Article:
Malmköping is a charming small town in the Swedish Södermanland and it is one of the more popular tourist destinations in the region. Here you will find everything from old trams to odd museums. Have you ever heard about a museum specializing in ironing?
I (Jesper) have visited Malmköping several times in the past. It used to be something of a family tradition to visit the annual market days known as Malmamarken. During these days my family used to camp with the caravan at the camping in Malmköping.
In July this year, as a part of our road trip, I decided to show the town to Susann. Now, we made sure to visit on a normal weekend instead of the market weekend. Actually this year the festivities will start this Friday (July 29). If you would arrive in Malmköping on Friday or anytime this weekend, you would understand why we wanted to avoid the crowds and the traffic jams. The market is very nice indeed, but the number of people during that weekend limits the possibility of actually enjoying Malmköping.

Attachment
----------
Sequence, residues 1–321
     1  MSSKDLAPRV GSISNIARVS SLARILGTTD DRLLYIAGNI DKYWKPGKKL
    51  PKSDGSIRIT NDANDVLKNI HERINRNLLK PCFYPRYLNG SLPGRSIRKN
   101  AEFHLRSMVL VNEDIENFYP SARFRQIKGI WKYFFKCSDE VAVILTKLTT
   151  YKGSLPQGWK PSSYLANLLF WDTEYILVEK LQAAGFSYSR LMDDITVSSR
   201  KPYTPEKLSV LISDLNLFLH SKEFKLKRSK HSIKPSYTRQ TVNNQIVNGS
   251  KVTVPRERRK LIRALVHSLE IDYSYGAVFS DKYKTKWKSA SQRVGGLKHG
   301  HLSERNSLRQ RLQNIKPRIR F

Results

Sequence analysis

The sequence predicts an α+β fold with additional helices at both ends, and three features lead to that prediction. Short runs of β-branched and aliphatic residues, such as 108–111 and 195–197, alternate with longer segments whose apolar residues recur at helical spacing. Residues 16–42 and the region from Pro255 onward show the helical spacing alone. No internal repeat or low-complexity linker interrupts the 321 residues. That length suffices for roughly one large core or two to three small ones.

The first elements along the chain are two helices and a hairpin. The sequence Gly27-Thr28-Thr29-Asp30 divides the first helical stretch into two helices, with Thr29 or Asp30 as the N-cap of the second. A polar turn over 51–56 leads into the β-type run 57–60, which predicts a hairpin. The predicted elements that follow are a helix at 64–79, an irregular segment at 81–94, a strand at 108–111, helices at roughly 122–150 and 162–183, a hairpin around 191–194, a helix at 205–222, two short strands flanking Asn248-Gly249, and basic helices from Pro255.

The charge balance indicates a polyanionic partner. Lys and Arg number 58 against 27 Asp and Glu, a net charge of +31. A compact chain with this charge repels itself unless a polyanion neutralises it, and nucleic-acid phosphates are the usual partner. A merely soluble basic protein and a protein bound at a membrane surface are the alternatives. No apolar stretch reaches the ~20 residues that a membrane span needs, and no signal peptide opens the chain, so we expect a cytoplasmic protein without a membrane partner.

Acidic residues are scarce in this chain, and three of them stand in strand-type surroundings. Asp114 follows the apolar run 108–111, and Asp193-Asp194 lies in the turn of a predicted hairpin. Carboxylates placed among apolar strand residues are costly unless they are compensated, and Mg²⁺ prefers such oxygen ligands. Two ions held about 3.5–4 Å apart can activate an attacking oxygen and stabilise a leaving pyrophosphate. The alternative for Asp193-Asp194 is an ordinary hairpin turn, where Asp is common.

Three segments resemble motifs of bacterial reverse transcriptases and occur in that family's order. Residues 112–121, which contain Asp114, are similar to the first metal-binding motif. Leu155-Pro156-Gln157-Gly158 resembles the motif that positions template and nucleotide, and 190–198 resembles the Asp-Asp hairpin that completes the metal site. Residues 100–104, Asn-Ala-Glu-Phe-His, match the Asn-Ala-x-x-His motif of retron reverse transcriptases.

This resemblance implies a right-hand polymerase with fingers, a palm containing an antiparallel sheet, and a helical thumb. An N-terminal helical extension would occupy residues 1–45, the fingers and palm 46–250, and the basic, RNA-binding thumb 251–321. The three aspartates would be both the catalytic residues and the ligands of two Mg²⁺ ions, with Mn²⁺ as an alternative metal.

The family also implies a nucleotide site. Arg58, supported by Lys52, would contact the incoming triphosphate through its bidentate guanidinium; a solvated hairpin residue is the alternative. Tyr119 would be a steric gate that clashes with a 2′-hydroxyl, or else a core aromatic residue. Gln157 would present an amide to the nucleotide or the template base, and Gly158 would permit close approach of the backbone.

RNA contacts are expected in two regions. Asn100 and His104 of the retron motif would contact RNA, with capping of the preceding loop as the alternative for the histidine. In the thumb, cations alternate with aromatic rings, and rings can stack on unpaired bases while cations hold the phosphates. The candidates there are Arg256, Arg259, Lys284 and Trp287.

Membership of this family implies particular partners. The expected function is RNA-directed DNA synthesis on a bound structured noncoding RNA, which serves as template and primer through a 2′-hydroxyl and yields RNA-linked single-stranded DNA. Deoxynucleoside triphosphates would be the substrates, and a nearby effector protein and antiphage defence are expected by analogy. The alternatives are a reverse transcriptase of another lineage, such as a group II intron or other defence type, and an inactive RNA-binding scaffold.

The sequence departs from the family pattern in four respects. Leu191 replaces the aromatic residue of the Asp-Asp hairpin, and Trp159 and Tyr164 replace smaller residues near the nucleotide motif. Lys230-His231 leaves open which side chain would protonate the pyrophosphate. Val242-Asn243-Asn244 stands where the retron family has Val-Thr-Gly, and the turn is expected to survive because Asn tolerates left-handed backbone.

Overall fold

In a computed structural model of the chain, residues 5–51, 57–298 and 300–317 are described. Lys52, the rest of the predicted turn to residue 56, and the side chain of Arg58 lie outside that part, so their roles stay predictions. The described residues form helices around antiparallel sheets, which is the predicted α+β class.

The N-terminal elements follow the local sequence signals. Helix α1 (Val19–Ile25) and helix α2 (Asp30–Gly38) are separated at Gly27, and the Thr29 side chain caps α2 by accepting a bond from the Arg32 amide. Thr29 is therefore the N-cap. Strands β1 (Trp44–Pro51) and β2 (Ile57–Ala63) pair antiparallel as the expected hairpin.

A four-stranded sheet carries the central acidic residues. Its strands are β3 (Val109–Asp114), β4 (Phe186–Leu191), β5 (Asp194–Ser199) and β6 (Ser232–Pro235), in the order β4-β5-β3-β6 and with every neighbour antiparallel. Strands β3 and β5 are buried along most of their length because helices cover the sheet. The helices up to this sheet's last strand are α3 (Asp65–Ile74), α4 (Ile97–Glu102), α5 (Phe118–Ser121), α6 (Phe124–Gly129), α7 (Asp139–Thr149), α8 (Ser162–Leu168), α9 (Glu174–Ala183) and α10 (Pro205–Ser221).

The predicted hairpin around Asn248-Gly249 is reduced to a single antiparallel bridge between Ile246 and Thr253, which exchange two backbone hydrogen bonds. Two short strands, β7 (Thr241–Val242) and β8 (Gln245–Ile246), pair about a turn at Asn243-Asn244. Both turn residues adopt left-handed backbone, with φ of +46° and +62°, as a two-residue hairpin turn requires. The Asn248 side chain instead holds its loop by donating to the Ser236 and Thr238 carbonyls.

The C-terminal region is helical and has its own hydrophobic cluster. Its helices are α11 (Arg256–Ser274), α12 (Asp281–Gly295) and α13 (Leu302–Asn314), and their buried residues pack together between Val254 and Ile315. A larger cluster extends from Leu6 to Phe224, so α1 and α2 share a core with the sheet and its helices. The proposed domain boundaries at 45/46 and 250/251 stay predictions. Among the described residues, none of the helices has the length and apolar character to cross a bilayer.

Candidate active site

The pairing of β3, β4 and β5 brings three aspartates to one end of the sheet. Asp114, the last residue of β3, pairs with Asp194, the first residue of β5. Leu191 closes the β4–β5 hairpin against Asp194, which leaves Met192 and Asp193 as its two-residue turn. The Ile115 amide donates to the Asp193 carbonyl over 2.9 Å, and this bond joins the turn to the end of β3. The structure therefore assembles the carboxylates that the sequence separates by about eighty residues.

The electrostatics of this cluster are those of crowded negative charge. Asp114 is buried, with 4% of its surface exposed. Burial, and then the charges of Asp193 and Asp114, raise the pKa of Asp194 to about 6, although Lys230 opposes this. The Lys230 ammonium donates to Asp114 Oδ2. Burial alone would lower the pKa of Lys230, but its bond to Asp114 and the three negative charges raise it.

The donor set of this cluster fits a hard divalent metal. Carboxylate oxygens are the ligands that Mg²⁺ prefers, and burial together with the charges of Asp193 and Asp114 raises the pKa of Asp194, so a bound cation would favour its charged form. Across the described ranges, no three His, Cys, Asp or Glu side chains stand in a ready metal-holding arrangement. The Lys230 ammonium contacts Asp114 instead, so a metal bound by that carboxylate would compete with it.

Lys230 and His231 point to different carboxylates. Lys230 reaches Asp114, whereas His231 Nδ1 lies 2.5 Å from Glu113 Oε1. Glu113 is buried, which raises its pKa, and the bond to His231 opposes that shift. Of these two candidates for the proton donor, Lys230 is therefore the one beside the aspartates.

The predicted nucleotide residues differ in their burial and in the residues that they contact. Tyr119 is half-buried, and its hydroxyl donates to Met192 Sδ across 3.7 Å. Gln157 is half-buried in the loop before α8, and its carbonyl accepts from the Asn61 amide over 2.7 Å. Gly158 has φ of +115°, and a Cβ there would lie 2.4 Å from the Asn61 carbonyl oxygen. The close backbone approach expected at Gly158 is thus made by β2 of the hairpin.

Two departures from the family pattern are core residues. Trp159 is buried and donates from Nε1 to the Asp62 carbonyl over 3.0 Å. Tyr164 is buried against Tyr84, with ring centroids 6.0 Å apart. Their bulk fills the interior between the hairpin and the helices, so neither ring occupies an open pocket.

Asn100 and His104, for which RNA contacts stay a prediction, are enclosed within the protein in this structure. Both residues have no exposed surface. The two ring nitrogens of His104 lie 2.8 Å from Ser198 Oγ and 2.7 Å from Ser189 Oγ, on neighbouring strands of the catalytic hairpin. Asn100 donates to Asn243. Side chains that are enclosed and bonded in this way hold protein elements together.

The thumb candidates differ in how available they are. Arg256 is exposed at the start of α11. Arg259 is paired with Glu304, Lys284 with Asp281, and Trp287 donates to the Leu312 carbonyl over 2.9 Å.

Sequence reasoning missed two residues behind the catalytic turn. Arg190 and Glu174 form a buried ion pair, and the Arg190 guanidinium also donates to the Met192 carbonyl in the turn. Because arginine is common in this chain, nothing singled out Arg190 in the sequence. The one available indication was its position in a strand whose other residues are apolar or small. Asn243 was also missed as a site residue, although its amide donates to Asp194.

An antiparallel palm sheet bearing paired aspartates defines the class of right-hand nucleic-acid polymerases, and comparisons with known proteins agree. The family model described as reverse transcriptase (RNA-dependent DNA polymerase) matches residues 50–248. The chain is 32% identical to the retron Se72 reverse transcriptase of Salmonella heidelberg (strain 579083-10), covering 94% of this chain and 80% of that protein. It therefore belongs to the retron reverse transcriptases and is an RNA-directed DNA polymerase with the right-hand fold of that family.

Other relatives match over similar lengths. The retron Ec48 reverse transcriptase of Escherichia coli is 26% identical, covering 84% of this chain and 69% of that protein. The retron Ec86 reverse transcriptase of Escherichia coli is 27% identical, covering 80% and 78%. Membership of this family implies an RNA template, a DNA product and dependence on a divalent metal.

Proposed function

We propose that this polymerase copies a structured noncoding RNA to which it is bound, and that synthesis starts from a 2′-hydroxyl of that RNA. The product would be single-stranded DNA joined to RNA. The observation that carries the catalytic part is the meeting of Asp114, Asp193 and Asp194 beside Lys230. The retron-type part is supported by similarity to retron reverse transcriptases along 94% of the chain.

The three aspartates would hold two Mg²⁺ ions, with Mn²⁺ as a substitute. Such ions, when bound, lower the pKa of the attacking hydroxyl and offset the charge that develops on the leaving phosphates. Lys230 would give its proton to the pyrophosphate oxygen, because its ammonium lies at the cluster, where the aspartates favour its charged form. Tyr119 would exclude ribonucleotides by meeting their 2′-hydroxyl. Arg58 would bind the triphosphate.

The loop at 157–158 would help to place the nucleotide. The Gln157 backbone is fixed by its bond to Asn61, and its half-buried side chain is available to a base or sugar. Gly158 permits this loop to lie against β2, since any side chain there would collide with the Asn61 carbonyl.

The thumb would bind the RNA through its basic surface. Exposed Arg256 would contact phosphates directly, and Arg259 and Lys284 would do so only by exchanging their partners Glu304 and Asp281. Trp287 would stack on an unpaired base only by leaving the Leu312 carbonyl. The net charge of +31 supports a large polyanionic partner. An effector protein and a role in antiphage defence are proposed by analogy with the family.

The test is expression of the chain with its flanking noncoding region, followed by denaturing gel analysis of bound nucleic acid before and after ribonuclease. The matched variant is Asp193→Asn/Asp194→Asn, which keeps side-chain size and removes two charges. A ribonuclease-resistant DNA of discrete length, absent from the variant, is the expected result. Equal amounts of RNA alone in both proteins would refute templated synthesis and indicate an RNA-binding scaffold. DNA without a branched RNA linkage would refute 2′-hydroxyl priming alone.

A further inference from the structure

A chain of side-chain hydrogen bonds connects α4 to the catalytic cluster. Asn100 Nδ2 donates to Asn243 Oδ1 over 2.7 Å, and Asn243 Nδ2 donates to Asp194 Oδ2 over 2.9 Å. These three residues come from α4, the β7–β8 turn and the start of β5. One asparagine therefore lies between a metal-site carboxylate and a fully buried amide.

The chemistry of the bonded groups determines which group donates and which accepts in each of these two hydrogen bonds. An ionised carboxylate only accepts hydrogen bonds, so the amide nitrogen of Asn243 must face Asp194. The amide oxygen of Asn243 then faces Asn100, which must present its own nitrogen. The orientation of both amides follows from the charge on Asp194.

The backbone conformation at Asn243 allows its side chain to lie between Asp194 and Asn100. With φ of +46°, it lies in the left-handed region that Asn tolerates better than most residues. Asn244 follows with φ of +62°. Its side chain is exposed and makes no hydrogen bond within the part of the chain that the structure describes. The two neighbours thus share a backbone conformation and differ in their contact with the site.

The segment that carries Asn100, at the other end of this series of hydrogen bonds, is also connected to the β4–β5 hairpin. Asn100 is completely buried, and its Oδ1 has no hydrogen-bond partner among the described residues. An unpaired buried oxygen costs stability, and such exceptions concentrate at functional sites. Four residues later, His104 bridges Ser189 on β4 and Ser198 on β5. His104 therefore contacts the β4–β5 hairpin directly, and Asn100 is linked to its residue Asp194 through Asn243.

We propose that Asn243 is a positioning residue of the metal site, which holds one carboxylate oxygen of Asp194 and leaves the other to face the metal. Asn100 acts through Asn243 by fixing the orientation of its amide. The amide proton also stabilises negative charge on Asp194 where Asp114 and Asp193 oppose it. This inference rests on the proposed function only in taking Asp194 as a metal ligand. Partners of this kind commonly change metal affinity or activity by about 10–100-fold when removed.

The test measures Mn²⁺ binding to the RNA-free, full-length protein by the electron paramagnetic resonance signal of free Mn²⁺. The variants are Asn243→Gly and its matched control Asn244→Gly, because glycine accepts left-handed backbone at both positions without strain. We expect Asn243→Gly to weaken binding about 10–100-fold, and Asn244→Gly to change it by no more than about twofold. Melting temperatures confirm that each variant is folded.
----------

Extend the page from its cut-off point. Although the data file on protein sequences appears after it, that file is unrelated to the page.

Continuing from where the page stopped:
There are around 2000 people living in Malmköping and it is a part of Flen municipality. Nearby cities include Eskilstuna, Katrineholm, and Strängnäs. The most famous inhabitant of the city is actually a fictional character; in Jonas Jonasson’s novel The Hundred-Year-Old Man Who Climbed Out the Window and Disappeared we meet Allan Karlsson. The alert, albeit old, man decides to run away from his retirement home. Consequently, he takes the reader on a journey around the world to meet famous statemen and to witness key events of the twentieth century. We both enjoyed the book very much, and recommend everyone to read it!